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A municipal Pennsylvania drinking water supplier is joining a growing number of entities, local governments and individuals filing lawsuits over firefighting foam water contamination, after cancer-causing chemicals used in recent decades at military bases and other training locations have tainted local water supplies.
Pennsylvania-American Water Company filed a lawsuit last year in the state court system against a host of chemical and safety equipment manufacturers, including 3M Company, Tyco, Chemguard and others, which was removed (PDF) this month to the federal court system, where it will be centralized with more than 1,000 complaints involving problems caused by toxic chemicals in aqueous film-forming foams (AFFF).
The firefighting foam has been manufactured and distributed with “forever” chemicals, known as per and polyfluoroalkyl substances (PFAS), which are now known to build up in the environment and human body, increasing the risk of cancer and other health problems.
Pennsylvania-American Water Company owns and operates 67 public water supply systems in the state, which were supplied by 100 active groundwater wells the company says have been contaminated with PFAS from firefighting foam chemicals used at nearby military bases and by civilian fire departments.
The toxic chemicals were first introduced into the manufacturing industry in the 1940’s, because of their ability to resist heat, grease, stains, and water. However, since then the chemicals have been linked to a myriad of adverse health effects including liver damage, thyroid disease, decreased fertility, high cholesterol, obesity, hormone suppression, and cancer. However, experts indicate that PFAS chemicals may take thousands of years to degrade, posing a long-term health risk for individuals directly exposed to the foam or regularly drinking contaminated water.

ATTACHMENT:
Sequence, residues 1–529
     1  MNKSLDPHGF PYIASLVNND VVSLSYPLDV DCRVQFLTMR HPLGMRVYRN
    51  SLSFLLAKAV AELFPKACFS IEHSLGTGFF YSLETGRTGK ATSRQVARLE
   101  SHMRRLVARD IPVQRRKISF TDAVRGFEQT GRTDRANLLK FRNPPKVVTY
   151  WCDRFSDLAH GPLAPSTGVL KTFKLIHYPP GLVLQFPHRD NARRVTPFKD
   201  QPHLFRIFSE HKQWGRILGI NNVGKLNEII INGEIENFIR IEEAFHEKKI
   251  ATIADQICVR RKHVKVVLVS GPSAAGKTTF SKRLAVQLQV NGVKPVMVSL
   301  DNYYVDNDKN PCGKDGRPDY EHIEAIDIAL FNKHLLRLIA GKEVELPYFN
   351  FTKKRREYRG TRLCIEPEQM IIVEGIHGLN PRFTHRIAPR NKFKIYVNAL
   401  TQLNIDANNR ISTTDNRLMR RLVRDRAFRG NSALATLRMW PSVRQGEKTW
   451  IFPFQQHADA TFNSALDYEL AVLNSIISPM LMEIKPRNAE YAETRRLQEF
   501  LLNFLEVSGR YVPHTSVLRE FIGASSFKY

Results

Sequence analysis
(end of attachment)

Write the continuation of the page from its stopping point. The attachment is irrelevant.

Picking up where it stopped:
Tyco and Chemguard removed the case from the Pennsylvania Court of Common Pleas to the U.S. District Court for the Middle District of Pennsylvania, revealing their plans to invoke a “government contractor” defense they say shields them from liability in the cases.
“According to Plaintiff’s Complaint, potential sources of the AFFF that has allegedly caused Plaintiff’s injuries include ‘airports’ and ‘military facilities,’ many (if not all) of which are required by law to stock and use MilSpec AFFF,” the defendants wrote. “Accordingly, Tyco and Chemguard intend to assert the federal ‘government contractor’ defense in response to Plaintiff’s claims. Under the federal officer removal statute …Tyco and Chemguard are entitled to remove this action in order to have their federal defense adjudicated in a federal forum.”
The Pennsylvania water contamination claim will soon be transferred to the U.S. District Court for the District of South Carolina, where a multidistrict litigation (MDL) has been established for all firefighting foam lawsuits filed in throughout the federal court system.
Given common questions of fact and law raised in complaints pending in U.S. District Courts nationwide, the claims have all been centralized before one judge for coordinated discovery and pretrial proceedings, as well as a series of early “bellwether” trials designed to gauge how juries are likely to respond to certain evidence and testimony that will be repeated in claims brought by firefighters, municipal governments and area residents exposed to contaminated drinking water.